News item (July 11, 2011), The Washington Post: "China says US is spending too much on its military amid its financial woes." Here one pictures a parent chastising the adolescent child. You used up all your allowance on video games? No more gas money for you, kid. From this article:

The chief of the General Staff of the People’s Liberation Army, Chen Bingde, told reporters he thought the U.S. should cut back on defense spending for the sake of its taxpayers. He was speaking during a joint news conference in which he traded barbs with visiting U.S. counterpart Adm. Mike Mullen. 'I know the U.S. is still recovering from the financial crisis,' Chen said. 'Under such circumstances, it is still spending a lot of money on its military and isn’t that placing too much pressure on the taxpayers? If the U.S. could reduce its military spending a bit and spend more on improving the livelihood of the American people ... wouldn’t that be a better scenario?' he said.

Thanks for your concern, General Chen, but how 'bout you leave America's military alone? And how about we ask every single U.S.-owned company / corporation currently doing business in your vast, communist-ruled backyard to head back home? And here's another thought: How about you tend to the basic human rights of your own repressed people? We're not perfect, but we could help you out with that. Give you a tutorial. Sign you up for a night school course in American Civics.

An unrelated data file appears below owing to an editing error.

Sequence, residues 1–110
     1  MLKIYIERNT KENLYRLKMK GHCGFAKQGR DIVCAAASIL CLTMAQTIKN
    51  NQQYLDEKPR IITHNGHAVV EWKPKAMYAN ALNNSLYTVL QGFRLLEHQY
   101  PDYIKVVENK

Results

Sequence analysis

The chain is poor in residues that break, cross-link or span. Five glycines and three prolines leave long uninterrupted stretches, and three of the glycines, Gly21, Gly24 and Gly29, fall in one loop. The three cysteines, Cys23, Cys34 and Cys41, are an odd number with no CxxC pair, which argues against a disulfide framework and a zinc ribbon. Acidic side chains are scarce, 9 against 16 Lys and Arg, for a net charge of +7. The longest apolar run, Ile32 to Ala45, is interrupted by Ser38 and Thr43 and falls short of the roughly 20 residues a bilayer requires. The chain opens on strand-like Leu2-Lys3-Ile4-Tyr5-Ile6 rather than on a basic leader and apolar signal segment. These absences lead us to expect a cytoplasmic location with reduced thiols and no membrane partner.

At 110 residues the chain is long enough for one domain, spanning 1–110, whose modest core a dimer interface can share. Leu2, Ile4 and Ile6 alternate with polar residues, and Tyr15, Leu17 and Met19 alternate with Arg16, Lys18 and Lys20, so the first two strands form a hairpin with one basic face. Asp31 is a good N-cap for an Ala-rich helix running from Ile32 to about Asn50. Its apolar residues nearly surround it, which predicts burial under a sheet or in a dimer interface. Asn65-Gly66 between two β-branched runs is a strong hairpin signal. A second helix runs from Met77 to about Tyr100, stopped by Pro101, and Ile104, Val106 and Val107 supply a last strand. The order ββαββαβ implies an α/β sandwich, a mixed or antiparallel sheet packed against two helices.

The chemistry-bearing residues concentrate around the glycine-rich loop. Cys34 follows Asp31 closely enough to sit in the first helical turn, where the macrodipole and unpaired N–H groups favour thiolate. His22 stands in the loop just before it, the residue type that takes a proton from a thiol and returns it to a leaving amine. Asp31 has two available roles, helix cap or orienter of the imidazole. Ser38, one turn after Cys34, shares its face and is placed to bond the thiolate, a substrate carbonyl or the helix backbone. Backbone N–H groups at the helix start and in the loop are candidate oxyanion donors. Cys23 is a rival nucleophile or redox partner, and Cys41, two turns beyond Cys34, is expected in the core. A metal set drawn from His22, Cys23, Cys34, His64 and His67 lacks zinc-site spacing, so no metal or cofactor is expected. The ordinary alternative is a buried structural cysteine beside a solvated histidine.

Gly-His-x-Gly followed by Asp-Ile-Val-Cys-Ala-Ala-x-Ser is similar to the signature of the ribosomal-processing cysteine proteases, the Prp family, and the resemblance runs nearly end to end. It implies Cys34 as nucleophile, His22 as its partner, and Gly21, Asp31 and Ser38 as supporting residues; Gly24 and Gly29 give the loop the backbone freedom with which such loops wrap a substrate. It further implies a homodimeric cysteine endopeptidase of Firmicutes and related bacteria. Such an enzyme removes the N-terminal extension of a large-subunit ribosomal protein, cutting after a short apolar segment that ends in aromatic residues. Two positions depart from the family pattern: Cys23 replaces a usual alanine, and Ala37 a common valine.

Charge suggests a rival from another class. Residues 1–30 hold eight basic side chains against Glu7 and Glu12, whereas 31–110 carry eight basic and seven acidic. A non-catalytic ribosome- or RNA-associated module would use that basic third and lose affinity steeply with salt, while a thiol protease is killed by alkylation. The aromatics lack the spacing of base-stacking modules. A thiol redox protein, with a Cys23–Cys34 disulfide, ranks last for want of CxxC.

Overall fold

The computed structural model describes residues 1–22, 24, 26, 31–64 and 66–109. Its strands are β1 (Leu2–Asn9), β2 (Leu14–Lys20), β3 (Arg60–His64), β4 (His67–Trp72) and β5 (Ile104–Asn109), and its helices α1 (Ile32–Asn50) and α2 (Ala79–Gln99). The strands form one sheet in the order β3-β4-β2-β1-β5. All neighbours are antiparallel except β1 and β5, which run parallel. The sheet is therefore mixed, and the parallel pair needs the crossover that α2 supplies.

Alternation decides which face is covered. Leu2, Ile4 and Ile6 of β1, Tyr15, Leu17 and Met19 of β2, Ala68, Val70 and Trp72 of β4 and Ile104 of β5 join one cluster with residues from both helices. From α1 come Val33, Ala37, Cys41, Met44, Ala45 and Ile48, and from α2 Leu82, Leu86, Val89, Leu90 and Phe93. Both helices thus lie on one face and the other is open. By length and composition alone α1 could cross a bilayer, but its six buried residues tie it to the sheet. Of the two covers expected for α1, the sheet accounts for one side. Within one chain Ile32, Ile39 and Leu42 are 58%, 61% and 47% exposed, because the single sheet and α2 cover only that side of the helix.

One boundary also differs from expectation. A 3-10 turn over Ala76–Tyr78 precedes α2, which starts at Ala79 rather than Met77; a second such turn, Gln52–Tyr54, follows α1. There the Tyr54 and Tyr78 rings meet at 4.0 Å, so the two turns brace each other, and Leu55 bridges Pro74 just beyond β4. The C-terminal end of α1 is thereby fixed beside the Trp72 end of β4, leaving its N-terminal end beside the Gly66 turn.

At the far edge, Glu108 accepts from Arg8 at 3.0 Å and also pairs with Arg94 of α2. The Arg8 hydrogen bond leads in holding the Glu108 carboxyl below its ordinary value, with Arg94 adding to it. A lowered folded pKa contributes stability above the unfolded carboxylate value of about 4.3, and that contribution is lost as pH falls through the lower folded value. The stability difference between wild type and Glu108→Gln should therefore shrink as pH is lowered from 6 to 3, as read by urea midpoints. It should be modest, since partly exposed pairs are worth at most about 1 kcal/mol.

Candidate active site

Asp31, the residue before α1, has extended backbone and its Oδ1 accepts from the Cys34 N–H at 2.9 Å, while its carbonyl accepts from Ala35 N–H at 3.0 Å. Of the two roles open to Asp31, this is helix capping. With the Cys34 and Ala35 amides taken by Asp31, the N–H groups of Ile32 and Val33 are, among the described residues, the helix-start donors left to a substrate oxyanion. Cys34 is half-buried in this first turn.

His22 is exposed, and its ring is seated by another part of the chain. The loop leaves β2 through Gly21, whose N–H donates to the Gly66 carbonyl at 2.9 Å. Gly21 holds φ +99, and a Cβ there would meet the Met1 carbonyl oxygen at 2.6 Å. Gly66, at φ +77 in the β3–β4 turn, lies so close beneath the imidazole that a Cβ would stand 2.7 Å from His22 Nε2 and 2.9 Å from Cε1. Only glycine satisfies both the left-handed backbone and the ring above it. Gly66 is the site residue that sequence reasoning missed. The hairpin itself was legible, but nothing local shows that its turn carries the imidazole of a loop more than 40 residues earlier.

So the news items above are dancing in my head when an NBC-produced commercial for INTERNATIONAL INNOVATORS pops up on my television screen. My kitchen table strewn with newspapers, my laptop open, my bottle of Pepto Bismol half-empty, its cap crusted with pink residue, I wonder: What the…? Are they talking about the same Shenzhen, China, where, just a few months ago, 16 Foxconn factory workers--one by one over the course of a few weeks--leapt from high rise dormitory windows to their deaths? Why is that same Shenzhen, with the financial backing of the PRC (People's Republic of China), now advertising on my local station? Is this all my overactive imagination? Or is it simply another example of business as usual in the dimension known as globalization?

Hope to find out soon.